steroid use and cardiovascular risk (CV risk)

Last edited 09/2021 and last reviewed 09/2021

Dose-dependent oral glucocorticoid cardiovascular risks in people with immune-mediated inflammatory diseases
  • glucocorticoids (steroids) are widely used to reduce disease activity and inflammation in patients with a range of immune-mediated inflammatory diseases, such as rheumatoid arthritis, polymyalgia rheumatica, giant cell arteritis, and inflammatory bowel disease
    • however, prolonged glucocorticoid treatment often causes adverse events, including cardiovascular diseases (CVDs) (1,2,3)
      • in SLE, both recent use of corticosteroids and recent lupus activity are independently associated with higher values of several well-recognized CHD risk factors (1)
      • treatment with high-dose glucocorticoids seemed to be associated with increased risk for cardiovascular disease (2)
  • widely recognised that high-dose steroids may increase the risk of cardiovascular disease (CVD; heart disease, stroke, or other vascular diseases), but it is debated whether this increase also applies to lower steroid doses

Study summary:

  • Pujades-Rodriguez et al conducted a population-based cohort analysis of medical records from 389 primary care practices contributing data to the United Kingdom Clinical Practice Research Datalink (CPRD), linked to hospital admissions and deaths in 1998-2017
    • estimated time-variant daily and cumulative glucocorticoid prednisolone-equivalent dose-related risks and hazard ratios (HRs) of first all-cause and type-specific cardiovascular diseases (CVDs)
    • were 87,794 patients with giant cell arteritis and/or polymyalgia rheumatica (25,581), inflammatory bowel disease (27,739), rheumatoid arthritis (25,324), systemic lupus erythematosus (3,951), and/or vasculitis (5,199), and no prior CVD
    • mean age was 56 years and 34.1% were men
    • median follow-up time was 5.0 years, and the proportions of person–years spent at each level of glucocorticoid daily exposure were 80% for non-use, 6.0% for <5 mg, 11.2% for 5.0-14.9 mg, 1.6% for 15.0-24.9 mg, and 1.2% for >=25.0 mg.

Study results:

  • in 87,794 adults with immune-mediated inflammatory diseases and no prior CVD (5-year median follow-up), studied the risk of 6 common CVDs associated with the steroid dose prescribed, quantified either as current or as cumulative dose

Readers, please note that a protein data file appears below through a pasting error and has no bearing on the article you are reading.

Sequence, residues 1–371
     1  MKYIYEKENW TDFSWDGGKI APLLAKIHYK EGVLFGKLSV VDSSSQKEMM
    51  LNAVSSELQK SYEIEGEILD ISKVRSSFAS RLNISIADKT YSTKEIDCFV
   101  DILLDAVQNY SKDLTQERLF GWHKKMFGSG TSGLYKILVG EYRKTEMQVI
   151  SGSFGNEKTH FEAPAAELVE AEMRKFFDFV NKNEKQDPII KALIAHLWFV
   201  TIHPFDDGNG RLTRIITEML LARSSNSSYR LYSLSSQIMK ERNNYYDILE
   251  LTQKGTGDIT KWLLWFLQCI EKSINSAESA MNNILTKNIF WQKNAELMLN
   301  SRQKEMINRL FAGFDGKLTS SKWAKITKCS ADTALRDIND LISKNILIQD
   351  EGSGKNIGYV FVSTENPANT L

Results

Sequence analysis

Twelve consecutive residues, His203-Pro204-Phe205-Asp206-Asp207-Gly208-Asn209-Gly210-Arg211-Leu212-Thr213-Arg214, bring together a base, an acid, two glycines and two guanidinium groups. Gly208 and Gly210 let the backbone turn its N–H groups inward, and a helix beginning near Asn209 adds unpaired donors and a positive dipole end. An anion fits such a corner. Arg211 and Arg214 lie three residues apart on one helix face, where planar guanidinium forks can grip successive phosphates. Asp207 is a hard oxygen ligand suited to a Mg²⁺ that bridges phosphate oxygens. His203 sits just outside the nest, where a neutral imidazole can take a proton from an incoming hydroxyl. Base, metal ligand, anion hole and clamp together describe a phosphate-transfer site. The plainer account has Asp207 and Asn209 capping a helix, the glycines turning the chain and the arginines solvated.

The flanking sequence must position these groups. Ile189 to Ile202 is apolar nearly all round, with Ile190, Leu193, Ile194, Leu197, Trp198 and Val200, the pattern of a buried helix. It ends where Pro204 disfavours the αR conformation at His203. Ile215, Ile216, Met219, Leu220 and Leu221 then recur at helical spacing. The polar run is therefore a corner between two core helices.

• found strong dose-dependent risks of all CVDs, including myocardial infarction, heart failure, atrial fibrillation, and cerebrovascular disease, in patients diagnosed with the 6 inflammatory diseases studied
  • one-year cumulative risks of all-cause CVD increased from 1.4% in periods of non-use to 8.9% for a daily prednisolone-equivalent dose of >=25.0 mg
    • five-year cumulative risks increased from 7.1% to 28.0%, respectively
    • compared to periods of non-glucocorticoid use, those with <5.0 mg daily prednisolone-equivalent dose had increased all-cause CVD risk (HR = 1.74; 95% confidence interval [CI] 1.64-1.84; range 1.52 for polymyalgia rheumatica and/or giant cell arteritis to 2.82 for systemic lupus erythematosus)
    • increased dose-dependent risk ratios were found regardless of disease activity level and for all type-specific CVDs
    • HRs for type-specific CVDs and <5.0-mg daily dose use were: 1.69 (95% CI 1.54-1.85) for atrial fibrillation, 1.75 (95% CI 1.56-1.97) for heart failure, 1.76 (95% CI 1.51-2.05) for acute myocardial infarction, 1.78 (95% CI 1.53-2.07) for peripheral arterial disease, 1.32 (95% CI 1.15-1.50) for cerebrovascular disease, and 1.93 (95% CI 1.47-2.53) for abdominal aortic aneurysm.
  • after 1 year, the overall absolute risk of CVD doubled for individuals using less than 5 mg prednisolone per day and was 6 times higher for users of 25 mg or greater
  • many individuals had known modifiable cardiovascular risk factors, including current smoking (24%), obesity (25%), or hypertension (25%).

Study authors concluded:

  • it was previously believed that less than 5 mg of prednisolone was safe long term, but even at this "low dose" patients with immune-mediated inflammatory diseases have a doubling of their underlying risk of CVD